The ability to effectively plan lessons is essential to teaching. But, for many, planning lessons can quickly take up a lot of your time and become a task you don’t look forward to.
Integrate these lesson planning methods, tips and ideas into your day and see what a difference a fresh approach can make!
Think about the lesson’s overall aims
Are you unsure where to start with a new lesson plan? First, think of the bigger picture.
A simple way to begin is to consider what the overall aims of the lesson are. What is it you want your students to know, understand and be able to do by the end of the session? List these main points and you might find that there are obvious lesson activities that can be used to teach these. If you don’t get a sudden wave of inspiration, you now have a core place to build upon.
Every teacher has a different working style and they excel in different areas. Certainly, some teachers always seem to be more organised than others! Organisation, though, is definitely a skill that can benefit every teacher.
Create your own personal timetable of when you will plan lessons. Having a designated time to dedicate to planning lessons will stop you from trying to squeeze the task into any free time you have and will prevent you from putting it off.
Organisation also involves knowing exactly what you need to complete before going into a task. For example, when you begin a lesson plan, you know you need to understand the curriculum, understand lesson objectives and build lesson activities around these. Finding your own mental and practical routine of lesson planning will make the task more efficient and easier over time.
Find out how your students like to learn
You don’t have to just guess what your students will enjoy doing in their lessons… you can ask them!
Make a questionnaire to find out what lesson activities each of your classes find most academically useful and fun. It can include open and closed questions such as ‘Do you find pop quizzes useful for understanding a topic?’, ‘Do you prefer watching videos on a topic or completing practical tasks?’ or ‘Would you like to spend more time doing group work?’, for example.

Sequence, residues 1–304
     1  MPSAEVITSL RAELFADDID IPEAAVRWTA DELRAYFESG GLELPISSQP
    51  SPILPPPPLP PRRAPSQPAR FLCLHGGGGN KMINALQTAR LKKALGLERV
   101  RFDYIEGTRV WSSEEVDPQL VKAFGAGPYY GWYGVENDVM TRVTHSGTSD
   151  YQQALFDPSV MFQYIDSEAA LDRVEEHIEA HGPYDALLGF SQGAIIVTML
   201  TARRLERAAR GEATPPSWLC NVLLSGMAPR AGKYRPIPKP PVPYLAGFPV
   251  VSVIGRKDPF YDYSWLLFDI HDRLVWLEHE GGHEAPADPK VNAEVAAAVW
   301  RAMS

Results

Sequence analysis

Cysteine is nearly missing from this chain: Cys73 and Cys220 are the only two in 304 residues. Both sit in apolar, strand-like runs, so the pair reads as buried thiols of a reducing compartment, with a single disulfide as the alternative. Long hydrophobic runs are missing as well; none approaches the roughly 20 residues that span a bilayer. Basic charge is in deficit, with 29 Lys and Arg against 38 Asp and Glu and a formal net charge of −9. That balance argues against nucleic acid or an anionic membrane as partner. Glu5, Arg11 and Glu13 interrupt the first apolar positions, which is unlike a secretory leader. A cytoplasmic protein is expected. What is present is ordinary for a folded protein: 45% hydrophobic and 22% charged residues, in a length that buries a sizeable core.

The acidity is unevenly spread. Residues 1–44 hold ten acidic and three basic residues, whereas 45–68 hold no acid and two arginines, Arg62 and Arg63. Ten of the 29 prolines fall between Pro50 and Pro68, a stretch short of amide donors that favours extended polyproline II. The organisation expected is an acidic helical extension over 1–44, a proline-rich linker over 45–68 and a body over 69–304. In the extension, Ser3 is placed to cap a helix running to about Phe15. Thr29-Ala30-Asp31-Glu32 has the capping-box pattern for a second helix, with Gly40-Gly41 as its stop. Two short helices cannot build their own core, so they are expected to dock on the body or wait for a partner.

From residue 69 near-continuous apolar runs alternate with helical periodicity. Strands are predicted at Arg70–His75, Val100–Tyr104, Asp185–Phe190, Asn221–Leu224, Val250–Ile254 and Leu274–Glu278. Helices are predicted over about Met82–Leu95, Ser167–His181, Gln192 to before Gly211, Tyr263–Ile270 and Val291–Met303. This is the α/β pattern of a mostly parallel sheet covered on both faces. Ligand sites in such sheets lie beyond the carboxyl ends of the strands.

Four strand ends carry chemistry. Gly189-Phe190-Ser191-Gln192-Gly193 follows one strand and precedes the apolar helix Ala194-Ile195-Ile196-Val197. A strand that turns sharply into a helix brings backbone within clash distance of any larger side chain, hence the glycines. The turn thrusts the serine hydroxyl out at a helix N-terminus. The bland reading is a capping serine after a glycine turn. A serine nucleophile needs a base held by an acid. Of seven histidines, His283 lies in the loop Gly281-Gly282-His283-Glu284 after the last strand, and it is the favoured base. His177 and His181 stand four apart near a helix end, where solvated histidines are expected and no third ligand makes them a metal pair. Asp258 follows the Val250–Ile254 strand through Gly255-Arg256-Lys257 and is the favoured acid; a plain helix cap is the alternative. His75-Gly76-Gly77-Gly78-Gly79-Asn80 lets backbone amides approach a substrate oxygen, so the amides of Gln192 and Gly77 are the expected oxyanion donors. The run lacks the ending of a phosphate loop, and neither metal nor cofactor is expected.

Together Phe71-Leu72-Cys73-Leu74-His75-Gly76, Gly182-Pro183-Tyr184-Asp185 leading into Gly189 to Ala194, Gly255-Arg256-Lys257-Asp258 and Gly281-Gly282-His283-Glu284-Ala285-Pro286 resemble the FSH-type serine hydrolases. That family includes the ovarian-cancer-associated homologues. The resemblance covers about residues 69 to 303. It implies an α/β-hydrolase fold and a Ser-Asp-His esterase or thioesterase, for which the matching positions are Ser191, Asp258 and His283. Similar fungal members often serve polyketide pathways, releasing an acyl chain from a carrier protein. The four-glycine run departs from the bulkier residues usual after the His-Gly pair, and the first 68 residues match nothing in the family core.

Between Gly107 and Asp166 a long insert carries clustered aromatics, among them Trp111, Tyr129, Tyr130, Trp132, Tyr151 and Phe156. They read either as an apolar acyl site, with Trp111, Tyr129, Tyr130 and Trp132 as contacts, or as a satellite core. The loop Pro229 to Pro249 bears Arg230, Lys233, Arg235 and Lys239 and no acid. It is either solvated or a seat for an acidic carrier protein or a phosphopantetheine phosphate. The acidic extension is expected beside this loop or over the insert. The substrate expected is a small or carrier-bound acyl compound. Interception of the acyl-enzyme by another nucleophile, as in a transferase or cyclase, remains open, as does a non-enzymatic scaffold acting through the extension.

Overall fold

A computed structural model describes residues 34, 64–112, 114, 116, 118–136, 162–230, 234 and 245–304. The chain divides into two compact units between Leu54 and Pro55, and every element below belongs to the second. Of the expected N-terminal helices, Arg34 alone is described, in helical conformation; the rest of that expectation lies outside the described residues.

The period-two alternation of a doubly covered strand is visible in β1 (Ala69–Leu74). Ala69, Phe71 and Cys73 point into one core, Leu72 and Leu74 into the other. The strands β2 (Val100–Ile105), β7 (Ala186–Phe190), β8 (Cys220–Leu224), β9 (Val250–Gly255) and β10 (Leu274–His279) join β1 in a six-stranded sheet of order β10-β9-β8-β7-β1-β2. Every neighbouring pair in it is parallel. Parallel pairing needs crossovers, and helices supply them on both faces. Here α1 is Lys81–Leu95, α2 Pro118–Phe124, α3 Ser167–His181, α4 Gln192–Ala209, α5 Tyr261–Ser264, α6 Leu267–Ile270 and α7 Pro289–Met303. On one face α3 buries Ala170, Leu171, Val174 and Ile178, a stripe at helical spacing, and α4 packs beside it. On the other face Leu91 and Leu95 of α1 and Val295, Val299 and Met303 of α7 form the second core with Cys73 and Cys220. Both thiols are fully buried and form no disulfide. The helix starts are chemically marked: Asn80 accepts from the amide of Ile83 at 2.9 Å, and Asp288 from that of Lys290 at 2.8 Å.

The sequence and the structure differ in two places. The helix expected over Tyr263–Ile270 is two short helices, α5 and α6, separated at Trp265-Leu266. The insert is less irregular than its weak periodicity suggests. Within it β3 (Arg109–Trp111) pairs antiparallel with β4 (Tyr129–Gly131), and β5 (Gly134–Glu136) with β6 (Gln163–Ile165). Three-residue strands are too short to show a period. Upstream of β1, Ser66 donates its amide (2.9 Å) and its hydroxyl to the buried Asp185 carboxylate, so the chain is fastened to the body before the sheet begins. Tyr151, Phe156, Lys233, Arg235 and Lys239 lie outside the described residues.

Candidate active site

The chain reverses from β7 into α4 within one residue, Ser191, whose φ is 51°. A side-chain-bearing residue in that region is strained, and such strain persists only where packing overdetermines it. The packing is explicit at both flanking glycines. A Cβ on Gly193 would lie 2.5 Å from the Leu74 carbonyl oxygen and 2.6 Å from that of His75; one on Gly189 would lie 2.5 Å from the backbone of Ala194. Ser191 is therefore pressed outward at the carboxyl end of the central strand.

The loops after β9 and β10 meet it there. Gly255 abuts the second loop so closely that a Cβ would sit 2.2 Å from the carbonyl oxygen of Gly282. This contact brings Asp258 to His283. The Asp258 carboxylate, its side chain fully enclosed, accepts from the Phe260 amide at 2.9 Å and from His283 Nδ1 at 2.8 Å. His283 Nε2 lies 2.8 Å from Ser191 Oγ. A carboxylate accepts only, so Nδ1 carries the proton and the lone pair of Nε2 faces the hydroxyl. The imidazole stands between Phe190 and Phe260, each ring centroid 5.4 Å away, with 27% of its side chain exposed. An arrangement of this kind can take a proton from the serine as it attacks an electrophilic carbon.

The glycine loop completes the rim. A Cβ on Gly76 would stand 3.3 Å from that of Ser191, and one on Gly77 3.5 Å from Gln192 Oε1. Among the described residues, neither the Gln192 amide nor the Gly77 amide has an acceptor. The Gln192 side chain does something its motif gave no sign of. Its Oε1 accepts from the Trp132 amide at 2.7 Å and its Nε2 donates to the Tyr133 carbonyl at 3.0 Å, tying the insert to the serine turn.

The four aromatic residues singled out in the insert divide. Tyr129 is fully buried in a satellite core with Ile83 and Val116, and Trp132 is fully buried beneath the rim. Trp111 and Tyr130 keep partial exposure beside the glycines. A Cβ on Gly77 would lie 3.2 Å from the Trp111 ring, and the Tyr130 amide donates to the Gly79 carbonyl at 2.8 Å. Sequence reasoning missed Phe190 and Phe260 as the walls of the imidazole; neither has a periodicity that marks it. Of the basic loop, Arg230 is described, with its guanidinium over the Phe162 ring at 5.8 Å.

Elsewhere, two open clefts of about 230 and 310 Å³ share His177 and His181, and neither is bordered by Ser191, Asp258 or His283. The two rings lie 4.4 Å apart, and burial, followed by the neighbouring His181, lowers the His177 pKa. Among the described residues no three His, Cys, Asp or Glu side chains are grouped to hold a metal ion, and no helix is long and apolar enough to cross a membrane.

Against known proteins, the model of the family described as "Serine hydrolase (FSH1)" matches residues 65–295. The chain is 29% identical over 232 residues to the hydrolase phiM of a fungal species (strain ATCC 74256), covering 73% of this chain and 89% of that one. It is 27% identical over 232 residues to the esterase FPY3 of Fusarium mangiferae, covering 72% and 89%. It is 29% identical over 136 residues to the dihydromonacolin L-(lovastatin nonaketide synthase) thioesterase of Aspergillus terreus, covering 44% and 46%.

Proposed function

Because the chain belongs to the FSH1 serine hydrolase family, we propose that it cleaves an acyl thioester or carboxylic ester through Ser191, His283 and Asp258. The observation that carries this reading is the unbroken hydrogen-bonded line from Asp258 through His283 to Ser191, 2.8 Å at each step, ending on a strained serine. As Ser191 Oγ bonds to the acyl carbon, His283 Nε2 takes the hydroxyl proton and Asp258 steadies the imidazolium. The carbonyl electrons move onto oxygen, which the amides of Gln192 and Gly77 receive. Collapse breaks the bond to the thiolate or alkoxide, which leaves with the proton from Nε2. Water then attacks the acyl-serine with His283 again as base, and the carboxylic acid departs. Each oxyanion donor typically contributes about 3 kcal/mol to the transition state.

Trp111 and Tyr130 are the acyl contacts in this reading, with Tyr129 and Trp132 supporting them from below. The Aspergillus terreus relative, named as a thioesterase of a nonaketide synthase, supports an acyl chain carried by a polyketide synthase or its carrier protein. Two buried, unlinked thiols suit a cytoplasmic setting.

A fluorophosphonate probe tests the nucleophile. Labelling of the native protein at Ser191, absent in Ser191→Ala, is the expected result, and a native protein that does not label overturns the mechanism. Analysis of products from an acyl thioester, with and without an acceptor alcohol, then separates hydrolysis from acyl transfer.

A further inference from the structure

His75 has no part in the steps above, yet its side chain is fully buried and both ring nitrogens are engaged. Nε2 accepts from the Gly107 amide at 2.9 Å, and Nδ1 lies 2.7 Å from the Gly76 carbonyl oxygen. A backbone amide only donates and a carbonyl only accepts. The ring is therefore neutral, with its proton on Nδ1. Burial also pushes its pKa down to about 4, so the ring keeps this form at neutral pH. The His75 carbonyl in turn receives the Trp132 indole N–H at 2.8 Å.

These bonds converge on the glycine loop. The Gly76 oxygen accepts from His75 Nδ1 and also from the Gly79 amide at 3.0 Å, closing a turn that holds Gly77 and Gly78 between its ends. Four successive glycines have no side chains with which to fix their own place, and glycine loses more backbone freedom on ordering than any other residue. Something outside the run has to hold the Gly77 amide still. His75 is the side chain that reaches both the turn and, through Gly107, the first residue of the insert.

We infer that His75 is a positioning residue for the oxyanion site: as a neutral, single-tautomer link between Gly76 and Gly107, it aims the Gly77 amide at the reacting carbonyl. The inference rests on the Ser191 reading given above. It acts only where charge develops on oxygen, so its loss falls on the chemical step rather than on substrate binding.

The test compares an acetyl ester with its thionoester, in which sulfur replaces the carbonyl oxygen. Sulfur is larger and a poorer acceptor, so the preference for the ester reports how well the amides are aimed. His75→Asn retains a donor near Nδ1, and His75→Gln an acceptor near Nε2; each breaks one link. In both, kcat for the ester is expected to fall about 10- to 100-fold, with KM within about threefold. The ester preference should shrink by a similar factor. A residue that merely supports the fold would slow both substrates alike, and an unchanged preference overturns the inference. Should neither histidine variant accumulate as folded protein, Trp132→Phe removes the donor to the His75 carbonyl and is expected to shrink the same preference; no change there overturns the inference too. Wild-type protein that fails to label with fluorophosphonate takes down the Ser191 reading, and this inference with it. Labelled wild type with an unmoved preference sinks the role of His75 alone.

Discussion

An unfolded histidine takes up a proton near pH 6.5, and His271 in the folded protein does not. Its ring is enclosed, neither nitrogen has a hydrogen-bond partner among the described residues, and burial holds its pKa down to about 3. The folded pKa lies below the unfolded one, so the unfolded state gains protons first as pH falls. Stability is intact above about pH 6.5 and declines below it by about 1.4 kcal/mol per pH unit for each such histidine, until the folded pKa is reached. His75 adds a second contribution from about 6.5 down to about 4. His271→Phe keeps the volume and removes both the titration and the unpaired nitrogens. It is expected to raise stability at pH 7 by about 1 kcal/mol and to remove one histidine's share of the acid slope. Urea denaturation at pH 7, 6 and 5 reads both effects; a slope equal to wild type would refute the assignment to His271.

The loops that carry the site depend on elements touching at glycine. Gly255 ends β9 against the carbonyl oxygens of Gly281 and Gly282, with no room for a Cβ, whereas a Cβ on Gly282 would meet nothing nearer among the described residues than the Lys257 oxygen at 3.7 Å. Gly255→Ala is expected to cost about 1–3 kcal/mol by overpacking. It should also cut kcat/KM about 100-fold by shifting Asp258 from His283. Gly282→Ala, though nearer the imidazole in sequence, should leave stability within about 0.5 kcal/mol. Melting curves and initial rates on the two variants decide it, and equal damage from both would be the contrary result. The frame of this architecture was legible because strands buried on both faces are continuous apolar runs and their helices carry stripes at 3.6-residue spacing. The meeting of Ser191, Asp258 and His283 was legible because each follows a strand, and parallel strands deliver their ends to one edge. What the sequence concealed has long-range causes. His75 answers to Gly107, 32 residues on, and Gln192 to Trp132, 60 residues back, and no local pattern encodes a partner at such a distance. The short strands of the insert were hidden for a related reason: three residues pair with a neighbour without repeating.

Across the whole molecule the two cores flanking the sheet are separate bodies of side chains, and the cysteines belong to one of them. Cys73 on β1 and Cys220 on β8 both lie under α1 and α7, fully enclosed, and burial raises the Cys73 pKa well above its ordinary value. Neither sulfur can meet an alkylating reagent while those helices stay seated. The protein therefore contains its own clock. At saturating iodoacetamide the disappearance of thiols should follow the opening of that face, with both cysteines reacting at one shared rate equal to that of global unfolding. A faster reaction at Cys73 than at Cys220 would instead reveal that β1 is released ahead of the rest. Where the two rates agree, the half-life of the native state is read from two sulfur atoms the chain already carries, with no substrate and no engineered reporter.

Of course, you do not need to base your lesson plans entirely on the answers they provide. You’re the trained teacher who knows what they need to learn! However, your students’ answers can provide you with an idea of what will maximise their engagement throughout each session.
Cater to different learning styles
Related to how your students want to learn, you need to know how your students effectively learn.
Everyone is a different kind of learner. Some people are kinaesthetic learners, meaning they acquire information best through practical tasks, some people are visual learners, meaning they learn best through watching, some people are auditory learners, meaning they remember information when they have listened to it and some people are reading/writing learners, meaning they need to note information down to retain it.
To maximise equality of learning in your classroom, consider how you can form build tasks catering to each of these in each lesson plan you make.
Seek out multimedia resources
Technological advancements mean there are so many more ways to learn than just reading books!
One easy option is videos. On the internet there will be countless fun, educational, age-appropriate videos on whatever topic you are teaching. Playing these to the class not only breaks up and adds variety to the lesson but invites students to engage with a new medium, after which they can discuss in groups what they have learned or answer questions on it.
Other activities using technology include interactive quizzes. Tools like Kahoot!, Socrative Student and Quizizz allow you to broadcast live questions to whole classes, creating an exciting testing activity which will bring out more competitive spirit in your students than a simple answer sheet.
Relate the lesson to the real world
Students are more likely to engage with subject matter if they can empathise with it.
A history lesson has more impact if you compare the events you are teaching to something that is happening in the news today. A maths lesson becomes a whole lot more fun if you take acronyms like ‘BIDMAS’ or take complex equations and sing them to the tunes of recent popular pop songs!
Get students to make their own resources
One activity to implement in lessons is students making their own study materials. Take them to a computer lab and get them to make PowerPoint presentations on a topic they have been studying or ask them to make quizzes featuring questions about the topic.
This not only saves you time (you don't need to make these learning and revision resources yourself if your students’ are good enough!), but it makes students practically engage with the subject matter they are learning. They will also enjoy watching their fellow classmates learn from and complete the end learning products they have made!
Be open to deviating from the lesson plan
As you know, lessons do not always go exactly to plan. Learning could be disrupted by a misbehaving student or maybe your class just isn’t picking up a topic as fast as you thought they would.
It is important to be open and flexible. Have a couple of extra back-up tasks ready to be used if you find your lesson plan is not going to fill the whole session and be prepared to push back certain tasks to the next lesson.
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